Church, John A., and Neil J. White. "Sea-level rise from the late 19th to the early 21st century." Surveys in Geophysics 32, no. 4-5 (2011): 585-602. doi: 10.1007/s10712-011-9119-1 (open access)


  1. As you eviscerate these morons with surgical precision Sou, I can only look on in a sense that we should never surrender to ignorance and disinformation even if it is driven by delusion.
    I feel very sorry for these people. It is sad that they even exist. Some twit will say liberal (USA) intelligentsia, but I doubt they could even spell it.

    What I find most refreshing is morons teaching all of us Physics!

    The tide goes out and the tide comes in. Can you explain this? Bill Oh really to a scientist.

    The only defence against this widespread promulgation of ignorant simplistic ideas is education. I wonder why state based education is floundering while private education is being supported by our Government. Most of these private schools are religiously based.
    As a species we cannot do better for each other if we think that a sky god will save us. The religious nutters of all colours are at best delusional if not insane.
    It is very simple free thought is anathema to the controlling turds that do not even believe their own dogma. Priests and brothers fucking young boys in their care, while telling women that to take the pill or use condoms is a sin!
    I could go on but neither of us has all night and the rest of the week! Bert

  2. I note that AW has not dealt with this matter other than his comment on foxnews.com.
    It's difficult to work the word claim into a a self incriminating sentence. I feel for the guy.

  3. "Good grief where do these people go to school."

    Wish we could earn a dollar for every time we see some variation of this. My approach, instead of factually correcting them, is to point out how strange it is that scientists who have spent decades studying the issue overlooked something that most people learned in grade school. This would pretty much be a career-ending error and they'd not be taken seriously by any other scientist at all.

    Furthermore, the editors of the journal overlooked it this basic bit of information, and all the expert peer-reviewers and other scientists who read the article have also overlooked what the average 12-year old knows. Scientists would regard the journal as a junk journal, refuse to publish in it, and the journal would fold.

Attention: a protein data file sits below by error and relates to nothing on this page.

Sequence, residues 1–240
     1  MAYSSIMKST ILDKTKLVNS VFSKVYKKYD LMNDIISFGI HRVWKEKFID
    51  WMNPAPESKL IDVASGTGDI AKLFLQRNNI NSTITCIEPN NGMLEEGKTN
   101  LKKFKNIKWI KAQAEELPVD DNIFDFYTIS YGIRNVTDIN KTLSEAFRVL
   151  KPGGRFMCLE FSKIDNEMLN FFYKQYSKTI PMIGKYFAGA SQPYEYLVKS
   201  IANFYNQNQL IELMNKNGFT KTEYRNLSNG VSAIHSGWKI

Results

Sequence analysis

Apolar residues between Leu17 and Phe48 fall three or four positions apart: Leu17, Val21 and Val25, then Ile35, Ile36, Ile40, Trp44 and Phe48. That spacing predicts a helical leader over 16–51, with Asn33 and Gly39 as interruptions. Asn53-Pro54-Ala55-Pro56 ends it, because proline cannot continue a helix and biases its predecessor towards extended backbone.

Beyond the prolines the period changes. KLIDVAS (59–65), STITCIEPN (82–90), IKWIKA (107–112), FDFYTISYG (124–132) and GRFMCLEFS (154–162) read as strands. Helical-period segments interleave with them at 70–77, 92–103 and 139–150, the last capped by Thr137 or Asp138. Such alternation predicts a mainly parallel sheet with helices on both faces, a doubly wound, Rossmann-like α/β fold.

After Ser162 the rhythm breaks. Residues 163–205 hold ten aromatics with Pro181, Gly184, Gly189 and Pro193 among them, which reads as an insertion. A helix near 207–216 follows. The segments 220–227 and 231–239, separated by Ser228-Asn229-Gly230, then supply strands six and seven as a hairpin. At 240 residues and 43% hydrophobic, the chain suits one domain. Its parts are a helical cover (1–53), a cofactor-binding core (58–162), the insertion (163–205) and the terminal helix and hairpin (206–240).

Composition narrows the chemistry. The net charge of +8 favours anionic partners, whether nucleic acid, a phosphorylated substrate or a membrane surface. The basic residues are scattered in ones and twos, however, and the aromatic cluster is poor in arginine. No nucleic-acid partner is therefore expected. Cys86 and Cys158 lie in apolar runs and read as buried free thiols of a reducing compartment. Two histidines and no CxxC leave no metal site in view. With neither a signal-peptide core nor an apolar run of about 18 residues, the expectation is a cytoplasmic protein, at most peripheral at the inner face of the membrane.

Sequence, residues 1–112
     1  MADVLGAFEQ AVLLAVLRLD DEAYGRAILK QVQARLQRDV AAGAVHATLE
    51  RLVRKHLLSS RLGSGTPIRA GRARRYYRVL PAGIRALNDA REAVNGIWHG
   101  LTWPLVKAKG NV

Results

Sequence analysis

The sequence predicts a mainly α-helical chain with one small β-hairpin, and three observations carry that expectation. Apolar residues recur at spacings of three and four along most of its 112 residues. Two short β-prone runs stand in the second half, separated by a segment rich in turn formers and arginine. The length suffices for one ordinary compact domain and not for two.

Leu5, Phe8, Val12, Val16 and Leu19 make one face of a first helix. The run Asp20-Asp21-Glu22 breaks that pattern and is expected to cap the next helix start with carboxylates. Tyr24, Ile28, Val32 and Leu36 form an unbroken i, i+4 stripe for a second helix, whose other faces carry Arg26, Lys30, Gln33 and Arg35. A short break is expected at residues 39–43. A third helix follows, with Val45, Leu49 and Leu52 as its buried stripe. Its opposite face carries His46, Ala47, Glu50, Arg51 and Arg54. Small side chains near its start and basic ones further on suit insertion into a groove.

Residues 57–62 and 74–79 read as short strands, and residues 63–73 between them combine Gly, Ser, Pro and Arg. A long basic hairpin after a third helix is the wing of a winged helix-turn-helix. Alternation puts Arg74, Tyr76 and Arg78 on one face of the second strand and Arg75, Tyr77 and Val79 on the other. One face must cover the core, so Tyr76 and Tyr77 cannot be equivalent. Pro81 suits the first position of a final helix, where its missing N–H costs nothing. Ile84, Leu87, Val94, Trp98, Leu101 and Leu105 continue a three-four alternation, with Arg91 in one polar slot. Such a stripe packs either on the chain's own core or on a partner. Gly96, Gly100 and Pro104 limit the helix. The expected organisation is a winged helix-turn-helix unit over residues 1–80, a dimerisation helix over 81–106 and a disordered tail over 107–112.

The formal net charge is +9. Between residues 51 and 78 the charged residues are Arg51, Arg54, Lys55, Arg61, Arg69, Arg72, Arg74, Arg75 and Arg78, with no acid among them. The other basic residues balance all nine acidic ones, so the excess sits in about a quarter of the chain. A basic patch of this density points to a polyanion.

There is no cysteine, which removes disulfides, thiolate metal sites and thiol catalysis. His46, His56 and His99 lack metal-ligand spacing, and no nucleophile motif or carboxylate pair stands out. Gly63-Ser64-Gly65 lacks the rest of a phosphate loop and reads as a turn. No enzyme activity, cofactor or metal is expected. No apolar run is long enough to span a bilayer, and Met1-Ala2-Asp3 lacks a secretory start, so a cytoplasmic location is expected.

Why would a prestigious scientific journal, along with the authors, peer-reviewers, and science audience all make the same error when a quick google search would show them how wrong they were, especially when an error like this would result in a near complete loss of scientific credibility (a most valuable commodity that every scientist protects)?

    Then I ask, or perhaps, maybe, it is you who has misunderstood something rather than the people who have made this their career?

    At that point, most people I've had this conversation with (face-to-face) back down and move on to something else....they may not change their mind but they're still wise enough to know they'd look like a crackpot if they insisted they were right.

  4. If Watts believes that what he publishes is proper science, why would he worry about Google improving the quality of the search results?

    Unfortunely I think Watts gave his game away with his comment.


    1. Silence would have been a better option but who could resist the lure of being quoted by FoxNews?

  5. Marc Morano, one of the planet's slickest and effective climate deceivers is having the vapours

  6. Sou,

    In your link above:

    It states:
    "See a page's importance using PageRank"

    IE has the wrench icon while (AFAIK) Google Chrome itself does not have a wrench icon. In fact, AFAIK, Google Chrome does not have a built in page rank feature:

    Now, I'm not AlGorisfat, so I did not invent the Internet. Having said that, I do go back to the DOD days of January 1983 (TCP/IP, telnet and ftp days):

    So my specific question is this, what specifically does 'Page Rank' have to do with the general application of a relatively simple search of the Internet (via whatever search engine and/or browser)? In other words, are you filtering out, in any way, search engine results?


    1. I do not think it is filtering any results out. It is just a different way of assigning a page rank.

      You have to have some criteria for page ranking. It is popularity/hits at the moment. For people who want more serious stuff at the top pages perhaps a quackometer result is better.

    2. I've read that pagerank is pretty well dead. I doubt anyone outside of Google knows how it works (or worked), or whether or how it's used in Google search.

    3. Well, when you bring back a bunch of search results, you still have to attempt to put them in order of relevance. PageRank is probably the best way to do that at the moment.

      The way it works is by counting incoming links to your site. Incoming links from sites that have high PageRanks themselves are weighted more heavily, and boost your PageRank.

      I haven't heard anything about PageRank being on the way out. What I suspect is that new techniques like the one we are discussing here (that discounts results from known bogus sites) will be used in addition to PageRank to further tune the search results.

  7. Apparently there are 2.8 billion 'facts' in the Google Knowledge Vault. Someone should demand to know what they are, after which it looks like a job for Tol. Or I could just get the ball rolling with "97% of Google Facts are liberal".

    1. As Stephen Colbert said, "reality has a well known liberal bias. "

  8. Classic Jon Steward on Fox News getting fact checked: